Screenshot_2019-04-08 Wolf Country - W F Howes LtdFrom Goodreads: “London, 2050. The socio-economic crisis of recent decades is over and consumerism is thriving.
Ownership of land outside the city is the preserve of a tiny elite, and the rest of the population must spend to earn a Right to Reside. Ageing has been abolished thanks to a radical new approach, replacing retirement with blissful euthanasia at a Dignitorium.
When architect Philip goes missing, his wife, Alice, risks losing her home and her status, and begins to question the society in which she was raised. Her search for him uncovers some horrifying truths about the fate of her own family and the reality behind the new social order.”

My Review

This was such a good audiobook. It’s a quiet dystopian, not the sort full of marauding motorbike gangs or zombies, aspects of near future novels I’m not keen on. What I liked about this story was the fact that I could imagine something like this happening in the future. I kept thinking where I would fit into this sort of society or perhaps I wouldn’t and I’d be sent to the Dignitorium?

I liked Alice the main character and enjoyed the way she told her story, although I must admit I was a bit confused at times when her her thoughts about past events were intermingled with the present day. I’m glad I had an ebook (thanks to the publishers, Lightning Books) beside me as I listened to the audiobook as it really helped me to understand what was going on.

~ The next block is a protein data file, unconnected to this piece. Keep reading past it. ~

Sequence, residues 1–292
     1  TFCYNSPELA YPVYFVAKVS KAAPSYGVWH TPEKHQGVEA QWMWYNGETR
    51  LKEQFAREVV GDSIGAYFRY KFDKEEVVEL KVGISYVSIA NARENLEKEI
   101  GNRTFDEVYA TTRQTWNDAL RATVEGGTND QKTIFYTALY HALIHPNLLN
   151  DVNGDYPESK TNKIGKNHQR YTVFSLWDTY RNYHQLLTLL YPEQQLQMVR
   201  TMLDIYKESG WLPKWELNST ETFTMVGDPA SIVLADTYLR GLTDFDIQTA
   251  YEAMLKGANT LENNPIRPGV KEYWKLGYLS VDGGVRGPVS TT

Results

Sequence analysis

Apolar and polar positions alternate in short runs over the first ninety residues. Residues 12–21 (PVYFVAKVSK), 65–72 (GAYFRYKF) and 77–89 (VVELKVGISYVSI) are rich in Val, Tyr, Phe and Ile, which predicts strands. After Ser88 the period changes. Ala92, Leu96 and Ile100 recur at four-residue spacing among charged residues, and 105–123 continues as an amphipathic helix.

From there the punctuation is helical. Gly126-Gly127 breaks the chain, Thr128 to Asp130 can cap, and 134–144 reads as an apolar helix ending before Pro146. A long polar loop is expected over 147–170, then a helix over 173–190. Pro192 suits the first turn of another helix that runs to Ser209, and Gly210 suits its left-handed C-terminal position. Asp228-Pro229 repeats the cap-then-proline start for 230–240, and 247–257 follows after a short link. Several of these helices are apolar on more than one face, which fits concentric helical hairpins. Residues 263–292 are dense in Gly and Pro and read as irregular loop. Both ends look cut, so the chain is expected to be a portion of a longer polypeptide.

The mystery of what happened to her husband’s disappearance took Alice on quite a journey of self-discovery. She’d always accepted what she’d been told about ‘the collapse’ and that the new ways being better that the old, unlike her husband Philip who’d always questioned everything and couldn’t understand why she didn’t. I must admit that at one point I thought Alice’s behaviour was incredibly naive and almost cringed as she went about trying to solve some of her problems. I can’t say much more about the mystery as it will spoilt it for you, but it was really good and there were real surprises towards the end.

Amaka Okafor the narrator for this book was fantastic, She had a quite an intimate voice which was oddly comforting for such a bleak story. This is the first time I’ve come across her voice talents and will definitely be adding her to my list of favourite narrators.

I thoroughly recommend this one if you enjoy chillingly plausible novels set in the near future.